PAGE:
Actors have long endorsed everything from chicken to perfume, from butter to underwear, and a nod from a famous person is as valuable to a brand as it has ever been. But what about those who were in hilarious ads before they hit the big time? Well, in honour of ITV’s You Saw Them Here First here’s a reminder of the best, cheesiest and weirdest of them all…
Remember the 2004 AA ad with Bev and Kev who kept repeating each others’ names through the car window? Well, Bev was played by Olivia Colman, superstar of British TV. And even though the ad’s not quite as critically-acclaimed at her heart-wrenching performance in Broadchurch, she is playing two characters at once…
The famously sweary EastEnders actor might only be a teenager in this ad but he sounds almost exactly the same as Albert Square’s 38 year-old Mick Carter. “Oh no, mum’s at it again” a teenage Dyer groans as he opens the fridge to realise that his old lady has again bought imitation Coca-Cola rather than the real deal. If the ad was remade with Dyer now, his words would probably need to be bleeped out.
Before the Friends star played smooth-talking Joey who charmed women with “how you doin’?”, he was using another chat-up technique involving condiments. In this 1987 Heinz ketchup advert, LeBlanc orders a hot dog, but he refuses tomato sauce from the guy selling him his snack. “I got it covered,” he says with a swagger. The camera zooms up and we see that he’s already opened a ketchup bottle and has positioned it on the ledge of a building above, so that the sauce will drop right down onto his sausage. The gum-chewing, denim jacket-wearing woman next to him is, of course, enthralled by his impressive use of physics.
It took years for Sally and Harry to get together, but Meg Ryan works faster at romance in this 80s toothpaste ad. As she tells her giggling Cheerleader friends about this new minty fresh magic, someone reveals to her that the school heartthrob is waiting for her outside the locker room. So folks, it’s not short skirts, pom-poms or supreme confidence that’ll attract Hot Guy or Hot Girl – it’ll be your use of cavity-reducing fluoride toothpaste.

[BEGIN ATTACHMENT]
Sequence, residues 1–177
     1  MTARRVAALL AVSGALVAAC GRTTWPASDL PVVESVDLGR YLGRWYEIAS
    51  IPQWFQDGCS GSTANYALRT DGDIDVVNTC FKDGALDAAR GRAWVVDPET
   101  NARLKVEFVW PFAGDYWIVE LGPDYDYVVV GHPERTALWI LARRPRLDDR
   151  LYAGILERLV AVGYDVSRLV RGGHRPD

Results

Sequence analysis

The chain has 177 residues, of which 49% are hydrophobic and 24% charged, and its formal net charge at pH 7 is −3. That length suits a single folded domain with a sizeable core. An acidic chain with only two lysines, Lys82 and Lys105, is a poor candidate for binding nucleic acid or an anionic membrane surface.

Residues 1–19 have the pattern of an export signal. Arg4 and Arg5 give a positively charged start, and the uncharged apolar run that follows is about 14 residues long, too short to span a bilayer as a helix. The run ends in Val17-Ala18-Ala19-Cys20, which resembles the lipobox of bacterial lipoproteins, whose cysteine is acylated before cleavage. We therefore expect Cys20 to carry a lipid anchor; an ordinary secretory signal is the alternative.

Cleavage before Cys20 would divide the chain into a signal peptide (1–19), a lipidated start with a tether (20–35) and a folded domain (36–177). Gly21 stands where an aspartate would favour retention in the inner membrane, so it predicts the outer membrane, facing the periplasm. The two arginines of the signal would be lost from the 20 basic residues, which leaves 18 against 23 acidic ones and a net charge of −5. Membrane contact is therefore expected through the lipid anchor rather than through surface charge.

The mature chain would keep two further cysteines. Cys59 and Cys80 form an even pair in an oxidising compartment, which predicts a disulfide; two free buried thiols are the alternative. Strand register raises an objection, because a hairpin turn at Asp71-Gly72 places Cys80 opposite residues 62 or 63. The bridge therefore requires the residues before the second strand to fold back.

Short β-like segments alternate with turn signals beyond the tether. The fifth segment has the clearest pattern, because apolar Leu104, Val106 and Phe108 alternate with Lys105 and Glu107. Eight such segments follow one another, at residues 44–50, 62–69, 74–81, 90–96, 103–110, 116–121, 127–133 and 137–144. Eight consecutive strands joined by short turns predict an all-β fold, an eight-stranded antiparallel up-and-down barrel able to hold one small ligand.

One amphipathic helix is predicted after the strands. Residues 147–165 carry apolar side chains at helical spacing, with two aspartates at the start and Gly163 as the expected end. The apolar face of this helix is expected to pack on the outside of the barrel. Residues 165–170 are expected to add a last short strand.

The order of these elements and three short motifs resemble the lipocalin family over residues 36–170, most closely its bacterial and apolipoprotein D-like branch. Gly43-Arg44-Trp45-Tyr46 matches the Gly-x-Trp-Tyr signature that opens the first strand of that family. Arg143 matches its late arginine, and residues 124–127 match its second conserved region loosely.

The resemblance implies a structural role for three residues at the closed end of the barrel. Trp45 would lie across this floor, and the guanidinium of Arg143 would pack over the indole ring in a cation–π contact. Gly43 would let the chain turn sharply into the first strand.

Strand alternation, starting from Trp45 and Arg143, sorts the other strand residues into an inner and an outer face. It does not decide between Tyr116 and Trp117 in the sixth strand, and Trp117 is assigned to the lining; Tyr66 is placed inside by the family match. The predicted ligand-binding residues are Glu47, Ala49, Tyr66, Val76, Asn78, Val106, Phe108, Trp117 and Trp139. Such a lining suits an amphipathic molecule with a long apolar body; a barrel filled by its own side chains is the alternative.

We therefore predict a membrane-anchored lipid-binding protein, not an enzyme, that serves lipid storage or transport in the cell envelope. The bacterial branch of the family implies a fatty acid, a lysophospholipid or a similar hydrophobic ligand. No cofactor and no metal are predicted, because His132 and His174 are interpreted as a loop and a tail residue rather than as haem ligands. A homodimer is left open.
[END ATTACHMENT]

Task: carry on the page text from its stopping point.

There’s not a trace of grease on Travolta in this 1970s soap ad. The fresh-faced Travolta scrubs away all dirt (and any traces of bad-boy behaviour) as he and his basketball team sing a barbershop quartet ode to Safeguard soap and all the “lather” that makes them feel ever so clean and pitch-perfect.
Think Turner is fanciable as the Cornish do-gooder in Poldark? Well, his pulling power was once even greater: aged just 19 he managed to pull a woman in a supermarket by buying eggs. In fact he doesn’t even need to fork out for them; he merely catches a falling box of eggs in between ogling women in crop tops and low-slung jeans. Whoever said domestic mundanity wasn’t sexy?
Long before Gone Girl, Affleck tried his hand at his own act of deception in this Burger King ad. A breathless, sexy-sounding woman has dialled the wrong number and mistook the floppy-haired teen for the fast food chain, so in true rule-breaking American spirit he speeds along in his ride to deliver some lettuce leaves to the mystery lady. Leaving it on her doorstep, he looks longingly at her from the car before calling his mum to say “I’ll be right home.” Presumably he realised that in reality, standing on her doorstep and saying, “I’m not actually a Burger King employee, but merely a hormonal teenage boy with oddly good skin” would seem creepy.
Louis Theroux, Adam Buxton and Joe Cornish
This isn’t an advert and they’re not actors but it would be a travesty not to include it because it’s so glorious. In a way, this 1990 clip of Theroux and comedians Adam and Joe is an advert, just not a commercial one. It’s an advert for the joyful effects of 90s dancing with your friends. And for how prancing around your living room is not barrier to great success. If Louis Theroux, king of documentaries, can get down to Groove is in the Heart, then so should everyone else.
Can you remember any other famous faces who made you cringe or giggle before they hit the big time? Let us know in the comments box below.
Kasia is a TV, film and arts journalist who writes news, feautures and comment. She spends a lot of time feeling nostalgic about 90s American films and working her way back through the Desert Island Discs archive.